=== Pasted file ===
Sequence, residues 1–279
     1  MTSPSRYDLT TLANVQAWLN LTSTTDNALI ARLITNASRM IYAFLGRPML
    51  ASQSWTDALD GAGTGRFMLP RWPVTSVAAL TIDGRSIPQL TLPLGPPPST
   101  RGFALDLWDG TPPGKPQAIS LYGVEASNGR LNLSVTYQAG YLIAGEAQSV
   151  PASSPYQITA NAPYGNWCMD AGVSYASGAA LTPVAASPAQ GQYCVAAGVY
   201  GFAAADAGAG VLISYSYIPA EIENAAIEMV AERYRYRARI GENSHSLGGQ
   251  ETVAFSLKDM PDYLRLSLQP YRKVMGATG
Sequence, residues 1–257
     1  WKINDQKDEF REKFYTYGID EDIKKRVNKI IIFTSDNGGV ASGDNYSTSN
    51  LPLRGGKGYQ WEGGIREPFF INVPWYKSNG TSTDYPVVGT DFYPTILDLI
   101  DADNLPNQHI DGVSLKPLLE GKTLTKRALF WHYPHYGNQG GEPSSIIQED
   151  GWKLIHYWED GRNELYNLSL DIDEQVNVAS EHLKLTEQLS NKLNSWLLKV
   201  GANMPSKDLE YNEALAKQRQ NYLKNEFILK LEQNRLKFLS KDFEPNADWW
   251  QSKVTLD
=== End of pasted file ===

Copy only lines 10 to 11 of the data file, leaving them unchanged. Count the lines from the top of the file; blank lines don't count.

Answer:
    51  LPLRGGKGYQ WEGGIREPFF INVPWYKSNG TSTDYPVVGT DFYPTILDLI
   101  DADNLPNQHI DGVSLKPLLE GKTLTKRALF WHYPHYGNQG GEPSSIIQED